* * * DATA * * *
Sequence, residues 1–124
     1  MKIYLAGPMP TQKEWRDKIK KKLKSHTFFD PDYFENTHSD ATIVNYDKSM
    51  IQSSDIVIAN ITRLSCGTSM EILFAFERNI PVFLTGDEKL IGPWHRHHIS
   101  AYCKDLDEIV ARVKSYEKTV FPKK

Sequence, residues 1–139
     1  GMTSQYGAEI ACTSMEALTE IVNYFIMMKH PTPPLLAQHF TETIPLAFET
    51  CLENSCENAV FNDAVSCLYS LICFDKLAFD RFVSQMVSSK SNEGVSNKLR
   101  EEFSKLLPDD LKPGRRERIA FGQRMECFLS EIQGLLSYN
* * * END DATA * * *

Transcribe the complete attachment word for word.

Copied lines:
Sequence, residues 1–124
     1  MKIYLAGPMP TQKEWRDKIK KKLKSHTFFD PDYFENTHSD ATIVNYDKSM
    51  IQSSDIVIAN ITRLSCGTSM EILFAFERNI PVFLTGDEKL IGPWHRHHIS
   101  AYCKDLDEIV ARVKSYEKTV FPKK

Sequence, residues 1–139
     1  GMTSQYGAEI ACTSMEALTE IVNYFIMMKH PTPPLLAQHF TETIPLAFET
    51  CLENSCENAV FNDAVSCLYS LICFDKLAFD RFVSQMVSSK SNEGVSNKLR
   101  EEFSKLLPDD LKPGRRERIA FGQRMECFLS EIQGLLSYN